Nonsuicidal physically self-damaging acts in adolescents

Carol Z. Garrison, Cheryl L. Addy, Robert E. McKeown, Steven P. Cuffe, Kirby L. Jackson, Jennifer L. Waller

Research output: Contribution to journalArticlepeer-review

59 Scopus citations


To determine the frequency and correlates of nonsuicidal physically self-damaging acts in 12-14 year olds, a two stage epidemiologic survey with a self-administered questionnaire (N=3283) followed by a psychiatric interview of a subsample of the adolescents and their parents (N=444) was used. Prevalence estimates of interview validated nonsuicidal physically self-damaging acts were 2.46% in males and 2.79% in females. Significant relationships were found between nonsuicidal physically self-damaging acts and suicidal ideation, major depression and undesirable life events. Data suggest that physically self-damaging acts occur at substantial rates during early adolescence. The strong correlation between nonsuicidal self-destructive acts and both suicidal ideation and major depression clarifies prior conflicting reports in the literature and suggests that a history of self-damaging acts should be taken into consideration when evaluating for possible depression and suicide risk.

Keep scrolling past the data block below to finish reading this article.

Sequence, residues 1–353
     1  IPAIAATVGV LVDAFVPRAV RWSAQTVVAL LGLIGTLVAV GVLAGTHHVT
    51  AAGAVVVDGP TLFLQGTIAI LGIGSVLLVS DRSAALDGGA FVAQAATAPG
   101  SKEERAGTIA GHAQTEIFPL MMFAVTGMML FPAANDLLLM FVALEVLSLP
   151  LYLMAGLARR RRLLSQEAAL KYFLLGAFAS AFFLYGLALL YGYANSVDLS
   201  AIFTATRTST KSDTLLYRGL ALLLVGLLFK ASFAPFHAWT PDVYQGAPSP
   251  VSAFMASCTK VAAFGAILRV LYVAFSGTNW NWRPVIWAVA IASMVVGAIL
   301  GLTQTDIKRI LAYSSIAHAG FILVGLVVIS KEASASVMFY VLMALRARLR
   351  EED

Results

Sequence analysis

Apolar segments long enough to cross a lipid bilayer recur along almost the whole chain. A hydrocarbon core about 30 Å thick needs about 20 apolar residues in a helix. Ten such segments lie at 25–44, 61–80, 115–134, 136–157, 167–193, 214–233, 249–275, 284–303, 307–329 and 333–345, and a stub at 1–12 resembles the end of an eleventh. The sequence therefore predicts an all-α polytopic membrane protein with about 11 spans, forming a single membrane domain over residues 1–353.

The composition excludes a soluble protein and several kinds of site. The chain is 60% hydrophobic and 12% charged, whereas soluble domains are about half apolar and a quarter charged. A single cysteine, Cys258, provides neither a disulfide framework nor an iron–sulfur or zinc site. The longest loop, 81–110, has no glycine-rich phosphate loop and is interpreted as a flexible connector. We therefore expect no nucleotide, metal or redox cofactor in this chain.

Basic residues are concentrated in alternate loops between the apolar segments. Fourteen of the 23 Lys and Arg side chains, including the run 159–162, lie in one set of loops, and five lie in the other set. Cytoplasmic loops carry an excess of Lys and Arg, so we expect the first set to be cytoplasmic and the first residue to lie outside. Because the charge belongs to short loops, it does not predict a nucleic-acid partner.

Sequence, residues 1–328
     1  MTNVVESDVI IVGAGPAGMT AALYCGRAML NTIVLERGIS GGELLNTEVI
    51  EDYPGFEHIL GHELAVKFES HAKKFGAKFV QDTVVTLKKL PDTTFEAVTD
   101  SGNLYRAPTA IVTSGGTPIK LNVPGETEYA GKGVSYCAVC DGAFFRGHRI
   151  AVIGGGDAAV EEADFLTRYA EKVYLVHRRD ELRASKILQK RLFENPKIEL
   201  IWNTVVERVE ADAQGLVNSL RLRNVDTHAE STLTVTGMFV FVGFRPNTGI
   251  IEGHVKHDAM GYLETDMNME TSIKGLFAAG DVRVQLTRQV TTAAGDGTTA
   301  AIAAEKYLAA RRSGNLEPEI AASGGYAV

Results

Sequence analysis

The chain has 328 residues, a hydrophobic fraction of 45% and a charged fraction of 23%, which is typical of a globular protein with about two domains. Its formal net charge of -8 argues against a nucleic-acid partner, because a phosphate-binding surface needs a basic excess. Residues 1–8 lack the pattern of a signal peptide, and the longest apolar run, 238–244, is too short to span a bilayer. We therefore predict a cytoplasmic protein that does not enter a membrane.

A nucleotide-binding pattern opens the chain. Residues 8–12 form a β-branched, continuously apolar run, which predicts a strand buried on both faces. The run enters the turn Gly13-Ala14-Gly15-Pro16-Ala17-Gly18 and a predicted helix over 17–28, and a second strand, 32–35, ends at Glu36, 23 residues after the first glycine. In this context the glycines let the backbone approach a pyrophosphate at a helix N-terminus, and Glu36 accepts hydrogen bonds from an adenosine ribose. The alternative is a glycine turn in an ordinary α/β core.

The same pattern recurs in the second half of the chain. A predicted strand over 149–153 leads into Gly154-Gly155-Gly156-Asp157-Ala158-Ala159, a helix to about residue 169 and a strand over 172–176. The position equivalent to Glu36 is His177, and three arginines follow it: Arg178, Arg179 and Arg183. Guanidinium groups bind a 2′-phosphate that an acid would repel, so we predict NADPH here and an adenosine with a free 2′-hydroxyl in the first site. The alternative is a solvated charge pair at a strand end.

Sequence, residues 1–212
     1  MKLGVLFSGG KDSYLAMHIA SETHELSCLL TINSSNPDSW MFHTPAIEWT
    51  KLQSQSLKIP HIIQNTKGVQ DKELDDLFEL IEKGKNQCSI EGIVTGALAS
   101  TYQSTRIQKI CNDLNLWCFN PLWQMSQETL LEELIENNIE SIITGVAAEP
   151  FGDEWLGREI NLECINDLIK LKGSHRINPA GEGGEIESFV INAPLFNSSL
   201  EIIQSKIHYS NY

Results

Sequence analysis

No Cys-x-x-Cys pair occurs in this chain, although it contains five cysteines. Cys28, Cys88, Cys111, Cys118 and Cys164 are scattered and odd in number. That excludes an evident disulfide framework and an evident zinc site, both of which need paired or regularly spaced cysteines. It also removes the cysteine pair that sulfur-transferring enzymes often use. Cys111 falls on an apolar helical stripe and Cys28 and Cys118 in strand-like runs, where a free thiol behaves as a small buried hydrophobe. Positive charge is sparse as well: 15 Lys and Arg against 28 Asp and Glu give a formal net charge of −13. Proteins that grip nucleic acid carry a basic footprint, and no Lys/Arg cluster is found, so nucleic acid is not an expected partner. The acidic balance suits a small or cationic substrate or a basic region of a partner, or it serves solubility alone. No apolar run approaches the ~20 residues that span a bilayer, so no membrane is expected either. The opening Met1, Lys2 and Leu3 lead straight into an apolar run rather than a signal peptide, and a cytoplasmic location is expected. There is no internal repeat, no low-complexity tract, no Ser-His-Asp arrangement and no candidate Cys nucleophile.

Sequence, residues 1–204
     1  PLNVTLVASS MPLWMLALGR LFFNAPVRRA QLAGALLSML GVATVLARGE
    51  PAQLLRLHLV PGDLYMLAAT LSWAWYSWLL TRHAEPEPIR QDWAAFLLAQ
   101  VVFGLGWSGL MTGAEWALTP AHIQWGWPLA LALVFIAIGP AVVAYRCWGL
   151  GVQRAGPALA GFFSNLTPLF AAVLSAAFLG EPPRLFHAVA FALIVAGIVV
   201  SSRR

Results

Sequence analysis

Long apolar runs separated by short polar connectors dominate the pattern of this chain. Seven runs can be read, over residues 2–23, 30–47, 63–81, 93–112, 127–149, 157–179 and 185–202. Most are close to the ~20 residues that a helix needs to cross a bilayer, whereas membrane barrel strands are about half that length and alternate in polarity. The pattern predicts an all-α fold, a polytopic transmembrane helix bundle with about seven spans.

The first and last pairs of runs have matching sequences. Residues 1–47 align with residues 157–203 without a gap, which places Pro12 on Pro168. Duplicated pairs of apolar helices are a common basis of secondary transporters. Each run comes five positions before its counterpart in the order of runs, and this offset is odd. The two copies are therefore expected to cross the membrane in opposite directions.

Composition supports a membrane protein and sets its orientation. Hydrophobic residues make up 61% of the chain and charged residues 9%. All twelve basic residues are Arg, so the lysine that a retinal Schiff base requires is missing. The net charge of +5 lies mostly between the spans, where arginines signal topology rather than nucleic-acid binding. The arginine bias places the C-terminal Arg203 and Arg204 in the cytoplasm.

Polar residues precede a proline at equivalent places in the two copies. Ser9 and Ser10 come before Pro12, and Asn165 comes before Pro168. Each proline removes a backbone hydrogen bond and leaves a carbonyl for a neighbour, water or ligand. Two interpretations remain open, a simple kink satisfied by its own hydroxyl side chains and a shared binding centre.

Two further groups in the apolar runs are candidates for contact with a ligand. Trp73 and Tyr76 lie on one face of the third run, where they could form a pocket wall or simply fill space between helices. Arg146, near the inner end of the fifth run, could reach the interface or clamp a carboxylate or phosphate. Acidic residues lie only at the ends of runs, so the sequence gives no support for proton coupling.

Original languageEnglish (US)
Pages (from-to)339-352
Number of pages14
JournalJournal of Child and Family Studies
Issue number4
StatePublished - Dec 1 1993
Externally publishedYes


  • adolescence
  • self-injurious behavior
  • self-mutilation

ASJC Scopus subject areas

  • Developmental and Educational Psychology
  • Life-span and Life-course Studies


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